Thursday, February 24, 2005

An AA's Adventure

I'm fully committed to trying to make sense of this Adolescent Again phenomenon. Being Thirty-something and caught in between the carefree twenties and the Free Again Forties. Where are we? Where do we belong and where do we fit in?

I've been thinking a lot about what I was doing when I was thirteen ( I'm thirty-three so it's my adolescent equivalent) and what was going on in my life. I was up every day at 5:30 to go with my mom into the city where she worked, and I went to school. Getting up so early meant I had no time for hair, make-up, fashion or even a shower so I always felt like a complete dork; ugly to the core. I went to a private, all-girls school that was my mother's alma mater. There were only about 100-120 students, and 90% of them were filthy rich. I was not rich, nor exactly filthy, but certainly scruffy when compared to the Greek Ambassador's and the Yuppie Lawyer's daughters. I wanted to be accepted, but I knew I wasn't able to buy my clothes where they did, or have cool things like they had.

I could, however, afford to buy hair dye with my babysitting money. I could do what their parent's wouldn't let them; I could be a punk.
Ok, not really, my mother was slightly conservative, but also very tired and easy to bully if I put my mind to it. I was allowed to dye my natural medium brown hair, to copper penny red. I also got a haircut and a perm. When I was finished with my make over, I had a bright shiny red curly mullet; and I looked hot! I was not, however, allowed to bleach the strip of hair behind my left ear, as was current fashion, so I hair wrapped it instead in neon colors and put some wee trinkets hanging off it: a silver wishbone, a shell, a couple of bells that jingled when I walked.

My confidence skyrocketed, now when I walked around I felt like MTV were filming my every move. Nature helped out a whole bunch with giving me a set of "D" cups and an hourglass figure when most of the other girls were still...girls. It was the dawning of a time of being popular and admired, and did I appreciate any of this? Hell no. I was still terrified, deep down, that somehow my inner geek would mess things up for me.


So where am I today and what parallels have I drawn? Well, my "D" cups are now an "F" but that's down to breastfeeding, and I know when that stops, my nips will be a whole lot lower than they were when I was thirteen. I really could care less if anyone likes me or not, I know I'm decent, weird and funny and if they can't "get me", figure me out and accept me, it's their problem not mine. I have had to accept that my body isn't going to recommend me as "cool" to other people any more, in that regard I've become desperately average. I still see the cliques with the moms who gather to collect the kids after school, and I can stand back and observe, wave hello and be comfortable in not "belonging" but also in not being invisible.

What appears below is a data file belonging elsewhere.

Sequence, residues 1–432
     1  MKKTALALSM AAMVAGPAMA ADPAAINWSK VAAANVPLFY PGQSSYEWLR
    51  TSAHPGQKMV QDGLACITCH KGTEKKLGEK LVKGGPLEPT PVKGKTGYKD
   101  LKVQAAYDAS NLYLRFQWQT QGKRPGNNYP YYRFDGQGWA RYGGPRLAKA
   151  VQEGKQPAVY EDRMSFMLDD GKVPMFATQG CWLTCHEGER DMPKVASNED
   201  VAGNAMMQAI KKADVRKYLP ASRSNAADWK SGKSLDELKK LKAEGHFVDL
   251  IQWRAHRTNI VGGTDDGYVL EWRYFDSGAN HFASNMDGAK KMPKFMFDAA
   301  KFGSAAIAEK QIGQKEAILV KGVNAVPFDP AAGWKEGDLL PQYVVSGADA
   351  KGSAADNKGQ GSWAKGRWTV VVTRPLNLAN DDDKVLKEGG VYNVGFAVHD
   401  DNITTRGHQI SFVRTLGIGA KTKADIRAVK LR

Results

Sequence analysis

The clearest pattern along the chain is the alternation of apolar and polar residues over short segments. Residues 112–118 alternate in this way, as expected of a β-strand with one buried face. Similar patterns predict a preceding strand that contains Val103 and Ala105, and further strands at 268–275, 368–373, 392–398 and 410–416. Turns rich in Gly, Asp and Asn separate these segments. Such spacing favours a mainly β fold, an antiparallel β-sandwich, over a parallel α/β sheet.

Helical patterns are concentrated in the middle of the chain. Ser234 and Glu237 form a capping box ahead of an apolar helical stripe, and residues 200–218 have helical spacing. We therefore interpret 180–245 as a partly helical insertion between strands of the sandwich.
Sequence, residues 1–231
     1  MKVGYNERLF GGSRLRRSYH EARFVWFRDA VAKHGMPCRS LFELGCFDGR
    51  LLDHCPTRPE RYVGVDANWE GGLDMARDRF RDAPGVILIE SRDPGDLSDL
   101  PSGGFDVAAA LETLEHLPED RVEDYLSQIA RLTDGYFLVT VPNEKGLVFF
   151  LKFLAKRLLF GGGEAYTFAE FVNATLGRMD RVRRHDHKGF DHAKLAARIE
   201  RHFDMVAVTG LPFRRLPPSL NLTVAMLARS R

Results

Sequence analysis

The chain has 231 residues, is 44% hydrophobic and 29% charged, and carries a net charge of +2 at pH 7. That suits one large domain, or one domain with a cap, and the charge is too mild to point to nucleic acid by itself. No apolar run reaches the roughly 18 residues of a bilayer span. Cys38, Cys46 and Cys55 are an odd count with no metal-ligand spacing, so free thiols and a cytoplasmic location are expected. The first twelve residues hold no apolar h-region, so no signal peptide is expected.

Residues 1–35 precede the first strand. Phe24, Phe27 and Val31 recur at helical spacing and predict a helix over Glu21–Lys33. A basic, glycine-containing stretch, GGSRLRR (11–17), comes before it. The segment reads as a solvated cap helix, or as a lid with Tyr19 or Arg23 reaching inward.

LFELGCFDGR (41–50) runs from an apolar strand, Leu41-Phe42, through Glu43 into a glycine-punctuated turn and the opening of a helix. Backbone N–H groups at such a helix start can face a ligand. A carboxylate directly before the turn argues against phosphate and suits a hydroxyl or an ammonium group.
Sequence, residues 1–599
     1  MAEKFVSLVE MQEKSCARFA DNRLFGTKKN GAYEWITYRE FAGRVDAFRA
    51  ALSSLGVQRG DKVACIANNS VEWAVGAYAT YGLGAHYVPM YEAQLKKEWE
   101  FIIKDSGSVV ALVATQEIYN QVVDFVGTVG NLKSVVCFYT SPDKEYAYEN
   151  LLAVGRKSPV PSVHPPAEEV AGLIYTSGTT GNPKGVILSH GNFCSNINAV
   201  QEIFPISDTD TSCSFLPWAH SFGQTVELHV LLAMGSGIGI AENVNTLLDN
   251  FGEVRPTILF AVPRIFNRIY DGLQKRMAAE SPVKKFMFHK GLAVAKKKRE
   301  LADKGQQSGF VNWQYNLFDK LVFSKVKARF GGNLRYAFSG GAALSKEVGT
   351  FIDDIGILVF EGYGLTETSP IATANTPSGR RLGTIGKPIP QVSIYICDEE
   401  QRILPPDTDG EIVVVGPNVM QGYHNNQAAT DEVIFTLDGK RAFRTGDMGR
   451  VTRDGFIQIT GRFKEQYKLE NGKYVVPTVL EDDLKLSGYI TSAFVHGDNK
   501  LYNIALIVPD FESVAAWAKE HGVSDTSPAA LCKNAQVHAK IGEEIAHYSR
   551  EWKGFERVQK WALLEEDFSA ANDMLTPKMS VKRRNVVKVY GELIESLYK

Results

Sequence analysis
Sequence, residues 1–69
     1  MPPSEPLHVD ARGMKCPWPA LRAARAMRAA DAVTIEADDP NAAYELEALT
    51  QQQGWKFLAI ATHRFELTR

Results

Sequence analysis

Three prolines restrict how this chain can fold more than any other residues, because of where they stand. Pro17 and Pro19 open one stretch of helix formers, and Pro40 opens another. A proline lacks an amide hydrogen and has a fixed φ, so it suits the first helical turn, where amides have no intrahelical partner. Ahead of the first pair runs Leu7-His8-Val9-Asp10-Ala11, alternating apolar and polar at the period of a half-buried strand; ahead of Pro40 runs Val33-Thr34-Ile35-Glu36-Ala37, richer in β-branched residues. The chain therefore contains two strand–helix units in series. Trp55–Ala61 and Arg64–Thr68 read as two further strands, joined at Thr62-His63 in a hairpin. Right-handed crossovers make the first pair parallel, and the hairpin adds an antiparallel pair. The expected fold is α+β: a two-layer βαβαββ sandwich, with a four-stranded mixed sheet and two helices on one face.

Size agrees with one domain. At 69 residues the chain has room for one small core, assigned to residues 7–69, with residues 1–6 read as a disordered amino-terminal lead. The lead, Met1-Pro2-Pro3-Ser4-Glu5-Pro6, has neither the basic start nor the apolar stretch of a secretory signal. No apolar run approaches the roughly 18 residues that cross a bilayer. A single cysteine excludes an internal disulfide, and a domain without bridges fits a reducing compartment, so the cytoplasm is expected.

I have to teach my little girl how to play nice, but don't play with kids who make you cry, and if they hit you-hit them back, then go tell the teacher. I still want her to see her Mommy having friends, and knowing that a few great friends are more important than a clique of twats you tolerate for sake of your image.

What else can I do? I can still change my hair. Now that I'm not working in the bank, where hair style and color is regulated by dress code, I can be adventurous. In fact, I've gone out today, chopped the lot down short, bleached it blonde, bought funky sticky goo stuff to make it all spikey and freaked out my Husband.
He's going to bed with an MTV star tonight!

15 comments:

Kim said...

Go Girl! I wish I had your guts... then and now.

Innocent Bystander said...

You sound like you've gone all punk. Nice.

I was good-looking back then, I've been going down hill. Quite popular too, sport, took drugs, in band, everything was there... shit, my life has gone downhill fast! I love your attitude!

Innocent Bystander said...

The Beast does indeed have issues... Take care and hope the husband isn't freaked too much!

Blog ho said...

Ah, sweet youth, I am glad it's gone...at least some of it.